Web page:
The Bad: My biggest complaint is the lack of headroom. At 6 foot 3 inches, I find it necessary to recline the front seat quite a bit for clearance. Add a headset and it can be a real problem. I understand that the newer models have an adjustable seat that helps. For the taller pilot this would be well worth it.
Although it is possible to fly with full fuel and four adults, the airplane can be a groundhog, especially in high density altitude conditions. You should plan on plenty of runway.
Another problem has to do with the deficient 14-volt electrical system. This has been upgraded in the newer models to a 28-volt system.
Unfortunately, Ive had to replace three cylinders on the Lycoming IO-540 engine due to low compression, which was attributed to problems with the valve stem seals. This was two years ago and thus far (200 hours later) no problems. One other little quirk has to do with fuel burn and the autopilot. It is advisable to switch tanks at least every half hour during cruise to prevent imbalance as this may cause the autopilot to disconnect without warning.
The Ugly: Well there just isnt an ugly. The sports car looks and modern styling attract attention wherever I go. Every time I get itchy feet and start to think of upgrading to a different airplane I add up the pluses and minuses and decide to stay with what Ive got. My next move will most likely be to a newer model TB-20 or 21 rather than a different type.
Robert P. Good
Bryn Mawr, Pennsylvania
My partner and I own three TB-20s in a leaseback arrangement with our local FBO, who is an Aerospatiale dealer. Each flies between 300 and 400 hours per year, mostly in rental hours.
The obvious initial impression of this plane, especially compared to the Arrows I used to fly, is that of modern comfort. The cabin is very spacious, and the seats are quite comfortable, with plenty of leg and shoulder room. The headroom up front is marginal for tall pilots (at 6 foot 1 inch, I must recline the seat a bit to avoid rubbing the headliner), though later models are better in this respect with a redesigned seat. Passengers never fail to be impressed with the modern interior, very easy entry and exit through the large gull-wing doors, and bright cabin. Ventilation is excellent, both on the ground and in flight.
The price one pays for the very spacious cabin, of course, is in speed. I routinely fly trips at 8000 to 11,000 feet, and file for 160 KTAS on 13 gallons per hour; this works out quite well. Thats adequate, but Id sure like another 30 knots or so. But the passenger comfort is worth a lot, especially for family trips.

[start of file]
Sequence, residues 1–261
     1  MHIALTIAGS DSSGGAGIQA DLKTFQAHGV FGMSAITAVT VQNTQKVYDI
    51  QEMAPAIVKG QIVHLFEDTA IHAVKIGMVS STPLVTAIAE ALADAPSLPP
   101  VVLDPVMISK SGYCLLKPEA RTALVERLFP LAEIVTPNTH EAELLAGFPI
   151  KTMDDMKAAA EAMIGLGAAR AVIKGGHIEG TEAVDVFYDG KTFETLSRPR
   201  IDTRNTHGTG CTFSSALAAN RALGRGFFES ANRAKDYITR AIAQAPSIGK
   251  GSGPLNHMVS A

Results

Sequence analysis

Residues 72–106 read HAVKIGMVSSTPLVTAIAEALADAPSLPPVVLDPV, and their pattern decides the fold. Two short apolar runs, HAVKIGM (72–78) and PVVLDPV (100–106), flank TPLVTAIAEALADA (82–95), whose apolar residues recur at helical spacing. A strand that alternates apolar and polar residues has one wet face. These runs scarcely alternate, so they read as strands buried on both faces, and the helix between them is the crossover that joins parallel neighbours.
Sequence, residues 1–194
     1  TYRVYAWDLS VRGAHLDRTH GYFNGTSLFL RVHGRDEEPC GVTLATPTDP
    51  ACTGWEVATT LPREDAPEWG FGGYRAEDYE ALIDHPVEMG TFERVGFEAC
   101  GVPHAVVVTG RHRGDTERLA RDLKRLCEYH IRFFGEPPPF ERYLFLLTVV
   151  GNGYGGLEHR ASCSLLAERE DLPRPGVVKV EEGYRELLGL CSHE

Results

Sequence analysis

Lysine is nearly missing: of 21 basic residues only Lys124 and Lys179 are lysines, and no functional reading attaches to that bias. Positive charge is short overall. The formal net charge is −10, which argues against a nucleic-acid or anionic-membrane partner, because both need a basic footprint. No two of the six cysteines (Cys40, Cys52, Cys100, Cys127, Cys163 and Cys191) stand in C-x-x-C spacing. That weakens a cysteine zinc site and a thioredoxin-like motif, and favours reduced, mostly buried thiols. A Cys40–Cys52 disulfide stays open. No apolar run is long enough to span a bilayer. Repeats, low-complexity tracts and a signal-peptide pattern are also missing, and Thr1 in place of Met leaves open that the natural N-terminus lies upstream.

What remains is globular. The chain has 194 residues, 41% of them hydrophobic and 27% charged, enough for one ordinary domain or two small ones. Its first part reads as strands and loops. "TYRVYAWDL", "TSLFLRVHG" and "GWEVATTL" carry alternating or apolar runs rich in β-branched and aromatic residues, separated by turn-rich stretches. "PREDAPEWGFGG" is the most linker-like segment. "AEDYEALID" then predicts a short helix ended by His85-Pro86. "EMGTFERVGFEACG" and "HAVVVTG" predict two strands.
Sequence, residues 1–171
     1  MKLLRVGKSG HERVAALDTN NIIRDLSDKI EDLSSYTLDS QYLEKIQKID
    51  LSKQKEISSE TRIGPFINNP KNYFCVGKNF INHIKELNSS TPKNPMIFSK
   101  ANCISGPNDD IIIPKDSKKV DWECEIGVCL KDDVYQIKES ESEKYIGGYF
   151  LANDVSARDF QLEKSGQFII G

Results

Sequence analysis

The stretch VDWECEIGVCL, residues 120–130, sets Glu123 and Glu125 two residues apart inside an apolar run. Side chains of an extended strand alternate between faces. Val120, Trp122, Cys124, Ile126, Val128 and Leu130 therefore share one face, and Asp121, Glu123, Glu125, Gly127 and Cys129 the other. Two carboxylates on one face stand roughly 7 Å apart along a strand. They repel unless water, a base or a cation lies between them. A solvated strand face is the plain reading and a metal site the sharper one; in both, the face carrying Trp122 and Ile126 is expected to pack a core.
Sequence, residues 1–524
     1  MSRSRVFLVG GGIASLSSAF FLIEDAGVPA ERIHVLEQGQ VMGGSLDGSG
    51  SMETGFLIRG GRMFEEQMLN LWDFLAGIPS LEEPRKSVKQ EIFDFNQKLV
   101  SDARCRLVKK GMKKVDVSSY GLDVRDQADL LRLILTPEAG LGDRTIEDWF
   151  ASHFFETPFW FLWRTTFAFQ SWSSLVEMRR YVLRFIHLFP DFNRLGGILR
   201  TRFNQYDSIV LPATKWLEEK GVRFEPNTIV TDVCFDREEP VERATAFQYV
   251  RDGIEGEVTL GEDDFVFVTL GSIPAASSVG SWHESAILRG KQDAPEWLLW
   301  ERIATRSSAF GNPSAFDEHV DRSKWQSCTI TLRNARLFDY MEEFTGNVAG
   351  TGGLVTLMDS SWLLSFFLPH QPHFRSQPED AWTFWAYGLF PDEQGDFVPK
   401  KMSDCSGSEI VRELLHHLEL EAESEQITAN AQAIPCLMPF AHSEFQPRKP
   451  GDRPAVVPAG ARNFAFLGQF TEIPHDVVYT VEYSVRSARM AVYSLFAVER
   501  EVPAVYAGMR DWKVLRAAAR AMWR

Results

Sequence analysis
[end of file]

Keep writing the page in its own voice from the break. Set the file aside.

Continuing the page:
Payload is a strong point of the Trinidads; our planes average 1150 pounds useful load, which makes them practical four-person aircraft. Even at gross on a hot day, performance is quite acceptable.
In summary, the Trinidad is an exceptionally comfortable four-passenger airplane with reasonable speed, good handling, and a fine image. I have no hesitation recommending it.
I am currently joint owner of a 1986 TB-20 that was purchased in March 1995. The subject airplane was purchased with 1150 TTSN. Having owned a Grumman Tiger for the preceding four years, we had several goals in mind when shopping for the new plane. We wanted more comfort, load hauling, speed, and range. We also wanted the newest plane available for our price range of approximately $100,000.
We considered Bonanzas, Saratogas, 210s and even a Mooney Porsche. We honestly wanted a Bonanza, but for $100,000 we were looking at an early 70s Bonanza or a late 80s Trinidad. The Trinidad gave us the most bang for the buck and honestly had everything we were looking for (except blazing speed).
The Lycoming IO-540 seems to be a fairly reliable engine and in the Trinidads application of 250 HP should make the TBO of 2000. The engine has more vibration than we would like but we are working on that problem.
Our fuel and oil gauges are worthless. The fuel tanks never read over half full and read empty after 2 hours. The oil temperature gauge takes 15 minutes to move on a 90 degree day and the oil pressure gauge seems to work fine until the avionics master is turned on at which time it retreats well into the yellow. Otherwise, the King radios that occupy the plane have never missed a beat. Lighting is unequaled and the only gripe I have on the panel layout is that the vacuum gauge is directly behind the yoke and cant be easily seen.
Comfort is great. My partner and I are both six-two and have no headroom or shoulder problems. The seats in our airplane are relatively uncomfortable, but I think the newer seats are better.
My biggest complaint has nothing to do with the airplane, but the lack of a good owner organization.
The Trinidad is one of only a handful of complex singles designed from scratch in recent decades, and it shows. It reminds me more of a high performance sports car than an aircraft.
Visibility is simply outstanding, including from the back seats. The biggest drawback is limited headroom.
Its relatively easy to fly, though the controls are not as well harmonized as those on a Bonanza. Approaches are straightforward, and the airplane has a high tolerance for turbulence and crosswinds.
The engine has worked like a charm. I get the impression that, at only 250 HP, it barely breaks a sweat in this configuration. At 1200 hours, it seems to be heading comfortably for TBO.
Id like to put in an HSI, but the older models dont seem to have factory installed brackets to hold the equipment, and the necessary kit from Aerospatiale is absurdly expensive. Id also like to install a fuel totalizer, since the dinky gauges are next to useless.
Maintenance accessibility has not been a problem. Westair at HPN has provided good (but not cheap) support, and Three-Wing at BDR and Columbia Air Service at GON are also familiar with the type. Parts availability is okay, and prices are in line. I dont worry about future support; Aerospatiale seems committed to its GA offerings.
Old Greenwich, Connecticut